By Alex Boston
Vancouver has been a climate action pioneer, adopting one the first action plans by any level of government anywhere—Clouds of Change—in 1990. Over successive councils with consistent multipartisan support, Vancouver has deepened it’s resolve and reinforced diverse public interests. Proactive policy has helped establish Vancouver North America’s car-share capital, enhancing mobility while reducing car reliance. Vancouver has one of the largest and fastest growing trip shares by bus, bike, and boot, correlating with one of the lowest rates of obesity.
Vancouver was a trailblazer with its Renewable City Strategy. As evidence mounts on the carbon reductions necessary to avoid the most serious impacts of climate change, hundreds of cities are now following suit, as are companies and countries.
In January, city council unanimously recognized our “climate emergency”, calling for an investigation into stepped up measures to cut carbon, reduce vulnerability to impacts, and integrate equity. A preliminary staff response will be considered by council this week.
The response positions Vancouver on the cusp of a new frontier. Affordability and climate change are the two greatest challenges of our generation. Historically, they have been addressed in isolation. Proposed measures include a pivot toward integration that should be intensified.
The high personal cost of transportation is brought out of the shadows and into the affordability debate. Households in this region spend on average 30 percent of revenue on housing, and almost 20 percent on transportation. Protecting and expanding rental housing around new and existing underutilized SkyTrain stations is a surefire approach to cut household costs and carbon.
Extending SkyTrain to UBC would modestly cut transportation carbon and costs. Better integrating land use with expensive new infrastructure can exponentially cut carbon and costs in transportation and housing.
At the same time that Vancouver is densifying around corridors and hubs, many neighbourhoods have never in the city’s history been so sparsely populated. This is due to an aging population and plummeting household occupancy.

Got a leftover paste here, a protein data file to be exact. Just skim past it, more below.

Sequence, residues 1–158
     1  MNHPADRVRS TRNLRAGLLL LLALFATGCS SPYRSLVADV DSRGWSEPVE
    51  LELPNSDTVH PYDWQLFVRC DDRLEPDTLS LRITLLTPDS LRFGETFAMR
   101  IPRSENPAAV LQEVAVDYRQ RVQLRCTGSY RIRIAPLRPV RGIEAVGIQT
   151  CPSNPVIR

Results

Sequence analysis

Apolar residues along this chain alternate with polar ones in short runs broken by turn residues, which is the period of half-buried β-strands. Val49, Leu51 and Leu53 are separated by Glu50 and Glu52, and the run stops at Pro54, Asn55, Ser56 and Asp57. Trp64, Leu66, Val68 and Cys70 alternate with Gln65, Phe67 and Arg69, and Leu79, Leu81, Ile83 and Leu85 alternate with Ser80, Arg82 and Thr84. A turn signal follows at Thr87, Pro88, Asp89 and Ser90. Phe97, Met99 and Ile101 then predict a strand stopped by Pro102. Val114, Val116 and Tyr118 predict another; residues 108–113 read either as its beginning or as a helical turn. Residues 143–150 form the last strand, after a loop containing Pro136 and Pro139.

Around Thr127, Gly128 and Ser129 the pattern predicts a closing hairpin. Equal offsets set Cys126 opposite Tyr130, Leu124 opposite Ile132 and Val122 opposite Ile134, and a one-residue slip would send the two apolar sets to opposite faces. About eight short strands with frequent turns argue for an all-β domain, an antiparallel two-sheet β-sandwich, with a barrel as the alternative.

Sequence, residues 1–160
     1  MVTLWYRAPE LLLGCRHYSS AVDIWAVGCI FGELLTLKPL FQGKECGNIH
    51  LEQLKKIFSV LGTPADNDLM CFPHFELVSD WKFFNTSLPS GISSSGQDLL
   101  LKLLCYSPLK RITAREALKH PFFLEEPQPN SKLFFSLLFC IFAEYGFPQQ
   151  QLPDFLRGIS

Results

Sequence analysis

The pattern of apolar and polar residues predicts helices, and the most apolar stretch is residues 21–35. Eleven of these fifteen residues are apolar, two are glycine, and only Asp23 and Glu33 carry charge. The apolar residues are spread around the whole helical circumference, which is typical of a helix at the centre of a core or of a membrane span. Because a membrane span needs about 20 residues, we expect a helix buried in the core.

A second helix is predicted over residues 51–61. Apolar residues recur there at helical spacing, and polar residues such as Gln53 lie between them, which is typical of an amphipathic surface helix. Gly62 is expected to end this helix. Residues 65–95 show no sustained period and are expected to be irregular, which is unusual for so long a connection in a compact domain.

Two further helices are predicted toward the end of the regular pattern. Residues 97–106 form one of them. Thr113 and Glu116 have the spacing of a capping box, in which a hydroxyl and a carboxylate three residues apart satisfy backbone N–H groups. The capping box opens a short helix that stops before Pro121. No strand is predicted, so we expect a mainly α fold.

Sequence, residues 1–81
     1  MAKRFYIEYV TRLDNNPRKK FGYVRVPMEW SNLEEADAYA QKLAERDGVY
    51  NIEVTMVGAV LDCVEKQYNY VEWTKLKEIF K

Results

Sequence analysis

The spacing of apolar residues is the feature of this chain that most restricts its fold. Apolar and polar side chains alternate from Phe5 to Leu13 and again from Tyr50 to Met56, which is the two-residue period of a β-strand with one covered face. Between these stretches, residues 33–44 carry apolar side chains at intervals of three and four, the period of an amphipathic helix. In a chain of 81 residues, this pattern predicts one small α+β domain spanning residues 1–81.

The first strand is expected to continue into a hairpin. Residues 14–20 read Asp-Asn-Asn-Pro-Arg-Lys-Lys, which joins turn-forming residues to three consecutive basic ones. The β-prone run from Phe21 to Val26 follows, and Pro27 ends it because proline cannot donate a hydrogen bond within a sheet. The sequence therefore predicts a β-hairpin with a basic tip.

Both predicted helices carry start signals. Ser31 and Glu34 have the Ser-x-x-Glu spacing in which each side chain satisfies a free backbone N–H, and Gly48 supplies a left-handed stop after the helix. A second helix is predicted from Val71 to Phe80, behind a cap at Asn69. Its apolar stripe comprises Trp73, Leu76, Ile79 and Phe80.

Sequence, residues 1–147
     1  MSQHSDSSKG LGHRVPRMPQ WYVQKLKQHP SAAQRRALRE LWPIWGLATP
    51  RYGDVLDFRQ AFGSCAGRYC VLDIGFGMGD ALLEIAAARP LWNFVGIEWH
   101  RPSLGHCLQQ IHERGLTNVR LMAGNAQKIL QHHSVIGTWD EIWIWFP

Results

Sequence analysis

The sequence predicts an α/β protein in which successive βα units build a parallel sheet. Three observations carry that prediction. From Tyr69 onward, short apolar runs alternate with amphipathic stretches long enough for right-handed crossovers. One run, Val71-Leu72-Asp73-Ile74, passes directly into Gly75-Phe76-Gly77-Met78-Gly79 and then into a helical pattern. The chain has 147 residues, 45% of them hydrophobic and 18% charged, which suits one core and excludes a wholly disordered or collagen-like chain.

More than 70 percent of Vancouver households have only one or two occupants. It should be easier and more attractive for seniors and empty nesters to downsize in their own single-family homes and 'hoods by building on the city’s history of laneway housing and secondary suites with more liberalized rules for attached accessory dwelling units, stratification of single-family and laneway homes, and other zoning innovations. If the city further reduces policy barriers for interested homeowners, and the province steps up to diversify conservation incentives for increased occupancy, this could be the lowest cost strategy for low carbon, low cost market housing.
It is noteworthy that all these measures involve land use. While land use is municipal governments’ primary area of authority, it is largely overlooked in climate action.
According to the latest Global Warming of 1.5 °C report from the Intergovernmental Panel on Climate Change that precipitated council’s Climate Emergency resolution, “effective urban planning can reduce GHG emissions from urban transport between 20% and 50%.”
This startling new report underscores all of us will be increasingly impacted by climate change. Water insecurity and forest fire will become more common and intense. Sea level rise will make some of Vancouver’s priciest homes uninhabitable. It is, however, those with the least resources who will, generally, have the lowest adaptive capacity. Solo seniors living in poorly insulated homes, for example, will be more vulnerable to mortality during heat waves.
No city, however, can reach a 100 percent renewable destination on its own. Reducing energy demand and decarbonizing supply where we live, work, shop, play, and how we move among these places demands stronger collaboration between all levels of government. Likewise, meeting the province’s new CleanBC targets will require stronger coordination with cities.
Vancouver is poised to chart a path demonstrating the intensity of effort required to avoid the most serious consequences. The city can blaze a trail to be followed by others, simultaneously tackling climate change and affordability, and mainstreaming land-use planning as a field of action. Hopefully, the mayor and council will lead us down this path.